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Fall in love and dance: Calexico live in London

28 April 2016, 12:50 | Written by

Having had the pleasure of seeing Calexico several times over the last decade, from an effervescent collaboration with popular beardmonger Iron & Wine to a triumphant show in the Brecon Beacons last year, I can fully attest to the Tuscon band's fearsome live reputation.

Their compelling mix of warm, earnest alt-country and lively mariachi influences has a rare accessibility- one doesn't need to be intimately familiar with the band's substantial back-catalogue to appreciate live performances that marry technical proficiency to a vibrant, un-ostentatious aesthetic that's pretty easy fall in love with - and even easier to dance to.

But tonight's concert at London's Barbican (25 April) saw them at their absolute peak, which is quite something for a band that have been around just short of 20 years. More than a few acts of their vintage simply don't look like they give a damn any more, lethargically plowing through the same old songs with the verve of a provincial tax official, but Calexico retain the spark of a group who still genuinely love performing. While they don't often deviate from the template they set themselves back in 1997, over the years they've become more assured, better at balancing their more subtle, acoustic material with the more immediately satisfying trumpet-punctuated numbers. They've brought more prominence to stylishly-sideburned guitar wizard Jairo Zavala, who adds genuine rock star flair to proceedings with his shredding solos and strutting charisma. They've even bulked up their sound with synths, which makes them sound more like the E Street Band every time I see them. The core of the band remains the same, but the little tweaks around the edges definitely prove to be greater than the sum of their parts.

One thing that remains constant about Calexico throughout the years is their synergy with their support acts. Usually, the most an opener can hope for is a shout-out by the headliner - at best. But tonight, Calexico appears as the backing band for charming Guatemalan singer-songwriter Gaby Moreno (incidentally, co-writer of the Parks and Recreation theme), and she in turn pops up regularly during the main set, lending her jazz-tinged vocals to the likes of "Moon Never Rises" and "Miles From The Sea". In the past, they've meted out similar treatment to Sam Beam and Beirut, and it works well- it makes the evening seem like one seamless whole, rather than two entirely disparate, unconnected sets.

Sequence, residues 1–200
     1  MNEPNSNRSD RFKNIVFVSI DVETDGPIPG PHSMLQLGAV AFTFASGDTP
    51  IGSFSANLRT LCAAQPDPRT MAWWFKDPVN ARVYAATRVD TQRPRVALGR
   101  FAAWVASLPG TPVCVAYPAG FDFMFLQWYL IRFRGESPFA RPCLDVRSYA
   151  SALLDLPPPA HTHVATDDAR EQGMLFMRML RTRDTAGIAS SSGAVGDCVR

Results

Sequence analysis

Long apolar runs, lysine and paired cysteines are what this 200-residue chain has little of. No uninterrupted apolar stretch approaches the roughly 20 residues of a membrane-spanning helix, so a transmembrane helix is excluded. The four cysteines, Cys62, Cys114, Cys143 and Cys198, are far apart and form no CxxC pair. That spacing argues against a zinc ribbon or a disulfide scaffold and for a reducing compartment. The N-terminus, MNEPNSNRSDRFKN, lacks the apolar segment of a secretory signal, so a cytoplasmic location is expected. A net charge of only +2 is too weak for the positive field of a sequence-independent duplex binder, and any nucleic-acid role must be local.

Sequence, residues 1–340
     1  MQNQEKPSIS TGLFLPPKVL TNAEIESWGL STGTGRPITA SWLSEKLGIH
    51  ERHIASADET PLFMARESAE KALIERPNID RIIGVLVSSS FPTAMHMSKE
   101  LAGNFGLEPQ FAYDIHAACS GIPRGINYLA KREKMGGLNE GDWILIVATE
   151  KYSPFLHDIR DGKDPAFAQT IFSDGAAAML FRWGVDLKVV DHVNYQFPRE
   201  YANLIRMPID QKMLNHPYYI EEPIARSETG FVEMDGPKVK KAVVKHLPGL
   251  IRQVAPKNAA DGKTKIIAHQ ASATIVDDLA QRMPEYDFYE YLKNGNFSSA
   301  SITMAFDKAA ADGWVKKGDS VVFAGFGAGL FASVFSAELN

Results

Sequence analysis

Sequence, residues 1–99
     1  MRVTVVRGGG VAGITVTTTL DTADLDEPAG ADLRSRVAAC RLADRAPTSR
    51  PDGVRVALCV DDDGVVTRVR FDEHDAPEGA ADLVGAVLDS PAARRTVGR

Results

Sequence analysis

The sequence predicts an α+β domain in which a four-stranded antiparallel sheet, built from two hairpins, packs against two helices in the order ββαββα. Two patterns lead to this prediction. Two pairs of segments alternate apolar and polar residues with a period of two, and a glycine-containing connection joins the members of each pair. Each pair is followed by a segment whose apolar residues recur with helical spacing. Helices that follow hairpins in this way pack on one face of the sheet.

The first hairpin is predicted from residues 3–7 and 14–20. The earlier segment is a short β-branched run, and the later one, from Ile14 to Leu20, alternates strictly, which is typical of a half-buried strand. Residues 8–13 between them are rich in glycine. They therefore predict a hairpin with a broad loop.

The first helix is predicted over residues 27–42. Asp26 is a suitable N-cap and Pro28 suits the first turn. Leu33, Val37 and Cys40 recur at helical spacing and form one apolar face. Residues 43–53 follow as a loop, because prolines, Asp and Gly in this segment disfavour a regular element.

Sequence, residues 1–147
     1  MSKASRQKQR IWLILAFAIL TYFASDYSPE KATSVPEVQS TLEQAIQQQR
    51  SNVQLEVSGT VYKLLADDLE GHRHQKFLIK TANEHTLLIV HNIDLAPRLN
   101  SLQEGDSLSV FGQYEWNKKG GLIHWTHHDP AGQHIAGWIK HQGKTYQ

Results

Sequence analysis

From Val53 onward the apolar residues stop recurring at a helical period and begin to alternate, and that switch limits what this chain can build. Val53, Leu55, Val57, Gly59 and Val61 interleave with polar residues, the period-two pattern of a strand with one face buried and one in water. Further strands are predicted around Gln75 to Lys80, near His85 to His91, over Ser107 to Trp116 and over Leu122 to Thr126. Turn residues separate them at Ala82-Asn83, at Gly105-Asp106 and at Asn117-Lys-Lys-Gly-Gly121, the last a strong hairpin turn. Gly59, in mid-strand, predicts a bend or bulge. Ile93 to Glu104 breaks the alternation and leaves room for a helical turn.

But the best is saved to last. Of course there's the obligatory airing of "Guero Canelo", perhaps the most energetic song in their oeuvre, where lead singer Joey Burns, after several failed attempts throughout the evening, finally managed to coax the audience into a full-throated call-and-response routine. There's an unexpected and utterly delightful cover of David Bowie's "Five Years", sung partially in Spanish by Ms. Moreno. But most of all, there's the moment where the band decide to fully utilise the superlative acoustics of the Barbican Hall and perform an entirely unamplified version of "Across The Wire". Sometimes moments like that can fall flat, especially in a venue that voluminous, but tonight it seems like the perfect final touch to an exceptional evening.

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